With regard to uninsured patients, our results confirm the findings seen in other studies: patients without insurance presented with more advanced stages of cancer. In addition to being set up to treat Medicaid patients, our hospital also has mechanisms in place for uninsured patients. We have an extensive charity care program, and uninsured patients are able to obtain mammograms and colonoscopies. Nonetheless, they presented with later stages of disease. It is possible that the added hassle of having to apply for charity care was a barrier to care. It is also possible that uninsured patients are seeing fewer healthcare providers outside of the hospital setting and are not receiving the same amount of screening. Furthermore, many uninsured patients are unaware of the safety-net programs available to them.35
One of the limitations of this study is that it was a singleinstitution study. However, although it may not translate to every hospital setting, we feel that in contrast to national database studies, this study provides a clearer picture of cancer care in safety-net hospitals. In addition, we were able to review each medical record individually. This allowed us to more accurately identify the true insurance status of each patient, especially with regard to uninsured patients receiving emergency Medicaid coverage. These patients, who received coverage only after their diagnosis (even if it was retroactive to the date of diagnosis), have been shown to present with more advanced stages of cancer.36 Another weakness is that there were few white patients; almost the entire patient population was either black or Hispanic. However, perhaps this too is more representative of safety-net hospitals.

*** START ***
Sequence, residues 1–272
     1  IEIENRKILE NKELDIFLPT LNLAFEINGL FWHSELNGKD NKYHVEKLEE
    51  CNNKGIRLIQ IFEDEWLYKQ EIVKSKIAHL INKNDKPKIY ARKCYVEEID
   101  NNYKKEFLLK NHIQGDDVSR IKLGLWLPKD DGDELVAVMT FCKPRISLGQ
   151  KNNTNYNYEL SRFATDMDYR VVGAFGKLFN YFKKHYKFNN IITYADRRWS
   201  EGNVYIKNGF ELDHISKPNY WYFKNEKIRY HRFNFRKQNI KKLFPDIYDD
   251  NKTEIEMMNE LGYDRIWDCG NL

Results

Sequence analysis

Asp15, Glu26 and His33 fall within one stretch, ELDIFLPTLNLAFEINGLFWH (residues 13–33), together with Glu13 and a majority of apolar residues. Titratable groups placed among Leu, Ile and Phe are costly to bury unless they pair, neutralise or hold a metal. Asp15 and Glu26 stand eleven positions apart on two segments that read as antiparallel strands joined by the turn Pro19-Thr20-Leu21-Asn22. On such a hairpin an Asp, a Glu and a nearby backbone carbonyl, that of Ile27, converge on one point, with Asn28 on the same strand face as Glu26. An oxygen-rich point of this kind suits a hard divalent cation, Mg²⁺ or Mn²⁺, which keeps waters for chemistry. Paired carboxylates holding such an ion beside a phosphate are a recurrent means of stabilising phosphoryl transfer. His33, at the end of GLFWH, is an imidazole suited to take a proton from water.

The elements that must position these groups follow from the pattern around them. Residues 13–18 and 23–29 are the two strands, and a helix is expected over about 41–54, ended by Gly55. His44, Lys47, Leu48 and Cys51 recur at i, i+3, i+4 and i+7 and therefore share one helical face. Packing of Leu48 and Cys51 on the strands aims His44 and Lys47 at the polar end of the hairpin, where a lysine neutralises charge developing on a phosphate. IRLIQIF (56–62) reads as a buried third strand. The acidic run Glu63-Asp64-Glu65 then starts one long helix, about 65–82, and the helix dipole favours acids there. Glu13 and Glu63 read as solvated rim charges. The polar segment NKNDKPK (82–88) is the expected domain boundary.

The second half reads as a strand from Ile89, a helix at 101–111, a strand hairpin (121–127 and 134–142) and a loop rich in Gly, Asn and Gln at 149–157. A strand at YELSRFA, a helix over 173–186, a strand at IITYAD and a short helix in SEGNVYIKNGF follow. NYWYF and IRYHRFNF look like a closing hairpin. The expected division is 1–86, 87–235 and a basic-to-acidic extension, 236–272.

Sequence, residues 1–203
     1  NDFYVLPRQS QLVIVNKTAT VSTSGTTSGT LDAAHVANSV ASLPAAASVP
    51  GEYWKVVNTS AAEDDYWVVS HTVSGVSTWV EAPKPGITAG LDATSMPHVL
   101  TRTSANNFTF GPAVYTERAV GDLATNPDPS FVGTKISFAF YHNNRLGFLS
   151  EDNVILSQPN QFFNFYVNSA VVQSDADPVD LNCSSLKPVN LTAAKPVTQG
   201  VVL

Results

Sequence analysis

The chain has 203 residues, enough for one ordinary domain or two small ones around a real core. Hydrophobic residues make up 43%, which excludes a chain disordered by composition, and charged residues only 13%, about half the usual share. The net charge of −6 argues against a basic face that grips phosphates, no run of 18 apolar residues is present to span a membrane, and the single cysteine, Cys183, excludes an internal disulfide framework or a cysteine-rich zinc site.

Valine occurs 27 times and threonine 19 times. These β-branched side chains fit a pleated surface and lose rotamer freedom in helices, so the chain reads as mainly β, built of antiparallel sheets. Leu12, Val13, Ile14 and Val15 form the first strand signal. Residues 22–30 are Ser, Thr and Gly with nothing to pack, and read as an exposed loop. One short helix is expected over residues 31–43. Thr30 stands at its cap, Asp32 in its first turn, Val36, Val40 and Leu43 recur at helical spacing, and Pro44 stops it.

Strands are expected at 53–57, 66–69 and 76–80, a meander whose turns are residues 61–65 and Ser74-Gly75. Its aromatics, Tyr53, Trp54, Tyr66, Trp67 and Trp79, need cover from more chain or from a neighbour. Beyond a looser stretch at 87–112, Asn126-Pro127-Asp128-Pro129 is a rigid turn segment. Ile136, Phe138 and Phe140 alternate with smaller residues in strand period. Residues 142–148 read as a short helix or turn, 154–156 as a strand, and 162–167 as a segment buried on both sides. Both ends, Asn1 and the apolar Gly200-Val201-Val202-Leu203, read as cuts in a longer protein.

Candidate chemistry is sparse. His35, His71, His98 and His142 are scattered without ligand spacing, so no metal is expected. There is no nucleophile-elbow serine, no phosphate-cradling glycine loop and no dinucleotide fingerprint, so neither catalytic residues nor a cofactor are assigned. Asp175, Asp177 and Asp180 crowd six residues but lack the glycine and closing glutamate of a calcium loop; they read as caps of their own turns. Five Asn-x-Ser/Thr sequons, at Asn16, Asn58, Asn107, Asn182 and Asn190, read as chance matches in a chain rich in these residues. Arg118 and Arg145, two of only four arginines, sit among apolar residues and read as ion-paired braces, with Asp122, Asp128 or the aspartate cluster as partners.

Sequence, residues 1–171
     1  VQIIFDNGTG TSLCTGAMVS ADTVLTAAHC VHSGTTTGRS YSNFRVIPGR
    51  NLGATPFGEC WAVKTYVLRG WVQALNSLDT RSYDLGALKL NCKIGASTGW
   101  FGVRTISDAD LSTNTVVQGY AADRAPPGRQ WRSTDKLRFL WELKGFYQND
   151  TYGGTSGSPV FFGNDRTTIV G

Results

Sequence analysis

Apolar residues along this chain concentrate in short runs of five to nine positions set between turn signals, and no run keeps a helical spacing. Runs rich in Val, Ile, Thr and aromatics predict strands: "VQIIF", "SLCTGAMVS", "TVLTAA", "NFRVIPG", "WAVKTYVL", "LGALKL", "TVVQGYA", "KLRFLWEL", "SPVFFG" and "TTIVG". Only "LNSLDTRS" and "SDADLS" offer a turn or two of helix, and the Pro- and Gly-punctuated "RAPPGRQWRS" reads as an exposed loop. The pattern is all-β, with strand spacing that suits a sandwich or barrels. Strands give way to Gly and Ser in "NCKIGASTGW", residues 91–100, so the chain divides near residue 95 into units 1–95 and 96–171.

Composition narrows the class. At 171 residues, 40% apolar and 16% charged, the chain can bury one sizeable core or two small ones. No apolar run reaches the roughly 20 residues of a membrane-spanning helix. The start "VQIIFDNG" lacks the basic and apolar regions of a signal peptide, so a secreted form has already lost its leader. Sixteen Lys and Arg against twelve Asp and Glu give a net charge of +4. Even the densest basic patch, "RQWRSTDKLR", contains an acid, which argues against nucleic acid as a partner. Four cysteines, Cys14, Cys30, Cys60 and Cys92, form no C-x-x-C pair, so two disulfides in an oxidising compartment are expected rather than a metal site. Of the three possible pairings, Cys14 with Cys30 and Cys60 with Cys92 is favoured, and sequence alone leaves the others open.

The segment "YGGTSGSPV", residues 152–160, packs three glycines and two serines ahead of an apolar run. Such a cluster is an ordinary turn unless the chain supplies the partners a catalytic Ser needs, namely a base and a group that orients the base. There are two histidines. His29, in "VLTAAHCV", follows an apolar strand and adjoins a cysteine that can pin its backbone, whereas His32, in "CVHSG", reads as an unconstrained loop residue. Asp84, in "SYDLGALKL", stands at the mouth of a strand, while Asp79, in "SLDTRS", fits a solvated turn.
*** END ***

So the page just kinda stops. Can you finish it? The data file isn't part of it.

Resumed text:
Finally, we did not look at whether our individual patients were screened. We relied on well-established and previously published data showing that uninsured patients are screened less frequently. However, a future study could look specifically at the rates of screening in different groups of patients. This would let us determine whether the higher rates of advancedstage disease seen in the uninsured patients in this study were actually a result of less screening or not.
Another potential study, which might be easier to conduct after the start of the new healthcare law, would be to determine whether providing health insurance for previously uninsured patients affects their rates of screening and/or of advanced disease. Is it really their insurance status that is the deciding factor of their cancer presentations, or are there other related factors?